International Translation Day 2018

Join ProZ.com/TV for a FREE event September 25-26th celebrating International Translation Day! 50+ hours of content, Chat, Live Q&A & more. Join 1,000's of linguists from around the globe as ProZ.com/TV celebrates International Translation Day.

Click for Full Participation

Pages in topic:   [1 2 3 4] >
Changes to be made to the job posting system
Thread poster: David Russi

David Russi  Identity Verified
United States
Local time: 08:23
English to Spanish
+ ...
Apr 1, 2010

Finally something has happened! Thanks to all who generated and signed the petition!



(1) Changes to be made to the job posting system
~~~~~~~~~~~~~~~~~~~~~~~~~~~~~~~~~~~~

Certain changes will be made to the ProZ.com job posting system. These changes will:

1) emphasize that the translator is in the best position to determine the rates that s/he needs to charge to deliver the quality required in a given job, and

2) eliminate the potential for the ProZ.com job system to be used to "popularize" low rates.

For details, see: http://www.proz.com/about/ipetition


 

jacana54 (X)  Identity Verified
Uruguay
English to Spanish
+ ...
Yes, thanks! Apr 1, 2010

David Russi wrote:
Finally something has happened! Thanks to all who generated and signed the petition!


icon_smile.gif


 

Ivette Camargo López  Identity Verified
Spain
Local time: 16:23
English to Spanish
+ ...
I concur, too Apr 1, 2010

Lucia Colombino wrote:

David Russi wrote:
Finally something has happened! Thanks to all who generated and signed the petition!


icon_smile.gif


Hi David, Luci,

I haven't been following much Proz.com and its forums lately, but I got word of the petition (which I have not seen, btw) and these job posting system changes through Twitter, and I find these changes (or what I have read so far) a significant and worth supporting step for the worldwide translator community here in Proz.com.

I just saw the video by Henry and it was interesting to hear/see him speak "live" about all this (on a joking note, somehow I felt that Henry looked like the "patriarch" of the worldwide translation community, he he he!).

Anyway, I am really glad Henry decided to listen more carefully this time to all these "complaints" about the job system and rates, because I think that if there is a translation-related website that can indirectly become a lobbyist/voice for the work quality of (freelance) translators worldwide that is certainly Proz.com, even though Henry seems to think that Proz.com is often overestimated in this respect. Remember, Henry, that nowadays a strong Internet presence like the one Proz.com has achieved can give a unique echo/power to people's issues.

Again, thanks to all those who signed the petition and raised this issue in a way that finally managed to convince Henry icon_smile.gif .

Thanks also to all those, former and current translators who (have) participate(d) in the Proz.com community, who in the past voiced similar requests, because I am sure their efforts have also contributed to the changes we are now seeing here in the Proz.com job system.

Kind regards,

Ivette
lapsustranslinguae.wordpress.com


 

Ralf Lemster  Identity Verified
Germany
Local time: 16:23
English to German
+ ...
Good move Apr 1, 2010

I'm glad to see the proposal to revert the quoting process to what it should be (fundamentally...).

A bit late, perhaps - almost four years after the proposal was put forward by moderators, back in May 2006 - but nevertheless welcome.

Regards,
Ralf


 

Krzysztof Kajetanowicz (X)  Identity Verified
Poland
Local time: 16:23
English to Polish
+ ...
okay, Apr 1, 2010

it's just that the prevailing message sounds like "we will do all we can to prop up prices in the job ads".

Doesn't sound very serious to me.

But let's see what happens. I may not completely agree with the logic of the changes, some of them being downright comical, but at the very least they are internally coherent...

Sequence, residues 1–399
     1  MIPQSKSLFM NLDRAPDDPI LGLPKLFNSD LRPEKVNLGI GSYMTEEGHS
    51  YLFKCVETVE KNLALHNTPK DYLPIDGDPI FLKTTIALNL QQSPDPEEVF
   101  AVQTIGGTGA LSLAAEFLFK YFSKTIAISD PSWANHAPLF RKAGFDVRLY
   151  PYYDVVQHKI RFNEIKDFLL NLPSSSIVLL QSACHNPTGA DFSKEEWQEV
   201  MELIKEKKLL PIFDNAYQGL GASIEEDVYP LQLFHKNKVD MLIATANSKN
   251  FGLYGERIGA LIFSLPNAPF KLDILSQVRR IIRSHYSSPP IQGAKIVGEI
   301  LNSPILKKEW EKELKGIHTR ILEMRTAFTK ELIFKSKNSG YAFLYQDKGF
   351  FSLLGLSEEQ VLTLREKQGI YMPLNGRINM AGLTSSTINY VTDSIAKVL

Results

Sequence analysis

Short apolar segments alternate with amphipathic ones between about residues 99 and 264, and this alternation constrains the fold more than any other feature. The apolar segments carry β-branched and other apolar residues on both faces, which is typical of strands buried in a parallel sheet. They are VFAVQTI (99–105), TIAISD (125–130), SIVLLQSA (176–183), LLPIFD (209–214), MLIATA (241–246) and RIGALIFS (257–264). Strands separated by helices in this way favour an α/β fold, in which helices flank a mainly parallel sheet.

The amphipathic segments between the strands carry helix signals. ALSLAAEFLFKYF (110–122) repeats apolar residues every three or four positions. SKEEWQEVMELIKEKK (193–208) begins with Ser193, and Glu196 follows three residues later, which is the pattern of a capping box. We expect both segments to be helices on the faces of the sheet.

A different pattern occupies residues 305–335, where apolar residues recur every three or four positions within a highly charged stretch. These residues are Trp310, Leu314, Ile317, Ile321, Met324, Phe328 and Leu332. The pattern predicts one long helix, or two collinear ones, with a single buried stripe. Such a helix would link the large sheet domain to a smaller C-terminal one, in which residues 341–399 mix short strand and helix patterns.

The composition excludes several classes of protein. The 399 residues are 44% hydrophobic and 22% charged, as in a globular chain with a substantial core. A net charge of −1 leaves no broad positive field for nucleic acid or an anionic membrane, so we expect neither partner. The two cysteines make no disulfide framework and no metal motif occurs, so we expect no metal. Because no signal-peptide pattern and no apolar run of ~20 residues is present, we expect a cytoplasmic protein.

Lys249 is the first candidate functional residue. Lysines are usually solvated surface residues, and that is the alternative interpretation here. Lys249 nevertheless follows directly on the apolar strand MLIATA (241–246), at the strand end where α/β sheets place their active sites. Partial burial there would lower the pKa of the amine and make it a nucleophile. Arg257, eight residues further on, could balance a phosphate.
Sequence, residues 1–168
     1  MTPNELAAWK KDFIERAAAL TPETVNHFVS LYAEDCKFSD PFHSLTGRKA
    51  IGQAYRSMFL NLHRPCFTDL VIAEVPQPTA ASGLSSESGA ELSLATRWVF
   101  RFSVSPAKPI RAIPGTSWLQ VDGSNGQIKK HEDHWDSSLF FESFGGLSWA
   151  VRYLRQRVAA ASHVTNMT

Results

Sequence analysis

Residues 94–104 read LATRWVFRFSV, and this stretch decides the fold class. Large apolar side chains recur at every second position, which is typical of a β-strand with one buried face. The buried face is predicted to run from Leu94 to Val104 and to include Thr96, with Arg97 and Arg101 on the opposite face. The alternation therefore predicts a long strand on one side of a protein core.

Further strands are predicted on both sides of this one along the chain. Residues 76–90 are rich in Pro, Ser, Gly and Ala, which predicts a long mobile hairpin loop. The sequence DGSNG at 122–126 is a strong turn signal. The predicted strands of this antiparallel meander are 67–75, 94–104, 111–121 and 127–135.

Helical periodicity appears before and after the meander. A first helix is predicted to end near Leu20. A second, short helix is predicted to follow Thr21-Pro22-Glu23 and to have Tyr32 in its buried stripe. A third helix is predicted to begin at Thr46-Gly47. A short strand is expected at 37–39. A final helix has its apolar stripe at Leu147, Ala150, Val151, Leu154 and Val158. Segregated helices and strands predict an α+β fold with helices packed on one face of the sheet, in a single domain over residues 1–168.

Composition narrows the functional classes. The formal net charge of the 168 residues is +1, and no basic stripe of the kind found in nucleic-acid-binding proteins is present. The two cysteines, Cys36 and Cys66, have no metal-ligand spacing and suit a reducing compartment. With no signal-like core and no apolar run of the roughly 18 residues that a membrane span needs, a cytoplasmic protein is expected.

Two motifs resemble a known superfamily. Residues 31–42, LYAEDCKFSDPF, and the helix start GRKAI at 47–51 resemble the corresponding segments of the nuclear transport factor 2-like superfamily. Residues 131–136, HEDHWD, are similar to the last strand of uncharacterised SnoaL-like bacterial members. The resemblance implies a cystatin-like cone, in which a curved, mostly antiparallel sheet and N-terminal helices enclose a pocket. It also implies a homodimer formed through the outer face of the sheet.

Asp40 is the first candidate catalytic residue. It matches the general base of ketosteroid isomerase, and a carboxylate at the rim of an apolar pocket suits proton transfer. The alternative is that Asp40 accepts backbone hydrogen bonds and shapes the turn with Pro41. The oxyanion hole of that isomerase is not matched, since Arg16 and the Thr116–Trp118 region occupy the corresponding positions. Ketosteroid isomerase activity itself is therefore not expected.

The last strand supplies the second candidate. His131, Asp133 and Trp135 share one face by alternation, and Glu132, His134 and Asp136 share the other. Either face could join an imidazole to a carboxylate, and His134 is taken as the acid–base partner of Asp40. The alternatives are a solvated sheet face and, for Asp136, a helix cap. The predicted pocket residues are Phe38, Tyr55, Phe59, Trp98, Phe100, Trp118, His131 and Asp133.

Except for this one:

7. The prominence of the job posting system will be reduced overall, with higher priority given to the directory.

The directory has proven to be a much better source of new clients for professional translators.


Wait a second. Did I just read "it sucks so let's hide it"?


 

whither has fle
France
Local time: 16:23
French to English
Nice work, Henry Apr 1, 2010

Thanks Henry for all that information. Very interesting.

Looking forward to follow-up posts.

Nice work.


 

Miguel Garcia Lopez  Identity Verified
Spain
Local time: 16:23
English to French
+ ...
Me too Apr 1, 2010

Me too, but unfortunately too late for many fellow translator, some of them former full members of Proz.com.
This petition started from a large audience of Italian translators.
Many of my fellow colleagues translating into Spanish will surely agree English to Spanish language pair has been the one suffering the most in rate reduction lately.

whither has fle wrote:



Thanks Henry for all that information. Very interesting.

Looking forward to follow-up posts.

Nice work.


 

Tracy Greenwood  Identity Verified
Japan
Local time: 23:23
Japanese to English
Cautiously optimistic Apr 2, 2010

I have to thank my Italian friends for doing something.

I also have to say that within a day or two of signing up for ProZ, I more than made my membership fee back. I think I made $2000 that first week. I had just been laid off from my job in the IP department of an automotive company. I had many years of translation experience, and it was a no-brainer to start bidding on jobs. The difference is, translation quickly went form being supplemental income to my main source of income for a few months.

What I have seen is a race to the bottom over the last year. I have been doing feelance translation since 1995. I am also a licensed attorney with 10 years on the ground in Japan, a bachelors degree in Japanese, a bachelors degree in Asian studies, a Japanese assistant, and I am presently employed at a patent law firm. When we (my law firm) send a translation to an outside translator, we have paid as much as US$0.50 a word.

With the downturn in the economy, many people like myself, who were working for over US$100,000/yr a few years ago are now looking for supplemental income. Supply and demand. Rates go down.

It is now much more popular to study foreign languages. Through my work, I met a woman who has a Master's degree in Japanese and is fluent in Japanese in a small town working at a hotel front desk. This phenomenon is called "degree inflation." Now that there are more people with degrees in foreign languages, there are naturally more people who want to "try a little translating." Supply and demand. Prices go down.